Gary Ellenbolt

New British Prime Minister Theresa May announced six members of her Cabinet Wednesday.

Amid a sweeping crackdown on dissent in Egypt, security forces have forcibly disappeared hundreds of people since the beginning of 2015, according to a new report from Amnesty International.

It's an "unprecedented spike," the group says, with an average of three or four people disappeared every day.

The Republican Party, as it prepares for its convention next week has checked off item No. 1 on its housekeeping list — drafting a party platform. The document reflects the conservative views of its authors, many of whom are party activists. So don't look for any concessions to changing views among the broader public on key social issues.

Many public figures who took to Twitter and Facebook following the murder of five police officers in Dallas have faced public blowback and, in some cases, found their employers less than forgiving about inflammatory and sometimes hateful online comments.

As Venezuela unravels — with shortages of food and medicine, as well as runaway inflation — President Nicolas Maduro is increasingly unpopular. But he's still holding onto power.

"The truth in Venezuela is there is real hunger. We are hungry," says a man who has invited me into his house in the northwestern city of Maracaibo, but doesn't want his name used for fear of reprisals by the government.

The wiry man paces angrily as he speaks. It wasn't always this way, he says, showing how loose his pants are now.

Ask a typical teenage girl about the latest slang and girl crushes and you might get answers like "spilling the tea" and Taylor Swift. But at the Girl Up Leadership Summit in Washington, D.C., the answers were "intersectional feminism" — the idea that there's no one-size-fits-all definition of feminism — and U.N. climate chief Christiana Figueres.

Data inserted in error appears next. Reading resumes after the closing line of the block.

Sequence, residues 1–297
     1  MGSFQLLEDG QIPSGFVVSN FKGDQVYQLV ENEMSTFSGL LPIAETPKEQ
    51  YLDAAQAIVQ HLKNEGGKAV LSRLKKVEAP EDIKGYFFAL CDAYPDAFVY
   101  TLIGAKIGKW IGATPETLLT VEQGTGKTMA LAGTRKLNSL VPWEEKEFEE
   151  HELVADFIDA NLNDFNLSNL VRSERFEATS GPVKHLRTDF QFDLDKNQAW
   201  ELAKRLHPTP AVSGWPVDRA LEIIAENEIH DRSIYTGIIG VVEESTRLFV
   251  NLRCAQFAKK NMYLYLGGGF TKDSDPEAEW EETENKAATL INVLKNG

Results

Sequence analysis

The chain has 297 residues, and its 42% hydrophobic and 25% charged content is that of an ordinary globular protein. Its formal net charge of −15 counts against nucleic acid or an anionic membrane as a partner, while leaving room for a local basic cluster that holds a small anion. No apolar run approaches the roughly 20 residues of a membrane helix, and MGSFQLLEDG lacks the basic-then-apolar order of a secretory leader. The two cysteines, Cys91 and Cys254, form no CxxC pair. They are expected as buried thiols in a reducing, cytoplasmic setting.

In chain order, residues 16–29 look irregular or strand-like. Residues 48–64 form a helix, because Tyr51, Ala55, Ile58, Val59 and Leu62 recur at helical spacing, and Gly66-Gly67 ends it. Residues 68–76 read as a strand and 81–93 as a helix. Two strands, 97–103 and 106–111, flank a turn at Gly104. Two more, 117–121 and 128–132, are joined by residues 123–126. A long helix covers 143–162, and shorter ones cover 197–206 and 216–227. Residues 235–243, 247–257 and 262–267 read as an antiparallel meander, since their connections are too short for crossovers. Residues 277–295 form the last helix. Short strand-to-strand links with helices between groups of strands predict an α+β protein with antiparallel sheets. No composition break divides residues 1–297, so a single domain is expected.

Copyright 2016 NPR. To see more, visit http://www.npr.org/.

Copyright 2016 NPR. To see more, visit http://www.npr.org/.

Copyright 2016 NPR. To see more, visit http://www.npr.org/.

Copyright 2016 NPR. To see more, visit http://www.npr.org/.

Gary Ellenbolt brings South Dakotans the news of a new day on SDPB's Morning Edition.  Imagine the guy in the local coffee shop who knows everything, can't wait to tell everyone, and throws in a clever phrase now and again, and you'll have an idea of the typical morning on South Dakota's only statewide radio network.

Gary also works as a radio news producer, covering events of the state and stories that impact listeners.  During the fall and winter, he can be seen on SDPB Television's coverage of State High School Football and Basketball Championships.

When those aren't going on, he spends time as the radio play-by-play announcer for Briar Cliff University, an NAIA school in Sioux City, Iowa.  He fills in any calendar free space as a high school wrestling official.

Gary has also done some short fiction writing, with several stories published--including "The Question I Put Before God," "Aunt Alice and the War on Poverty," and "Eight Long Hours at Armbruster Salmon."

He holds a bachelor's degree in Radio-Television Broadcasting from the University of Wisconsin-Platteville, and a Master's Degree in Contemporary Media and Journalism from the University of South Dakota.

Gary is married to Sandy, the Director of Human Subjects Protection at USD--they have two sons, Preston, a Lance Corporal in the United States Marines, and Tyler, a sixth grader.


Transcript

MELISSA BLOCK, HOST:

Here's a sound you'd rather not hear out on a hike.

(SOUNDBITE OF A RATTLE)

BLOCK: That's a Prairie Rattlesnake from western South Dakota. Well, there's only one thing worse than a rattlesnake giving you that famous warning, one that gives you no warning at all. That's what's been happening with some rattlesnakes in South Dakota's Black Hills. They have apparently lost their ability to rattle.

As South Dakota Public Broadcasting's Gary Ellenbolt reports, that may be good for those snakes but bad for people.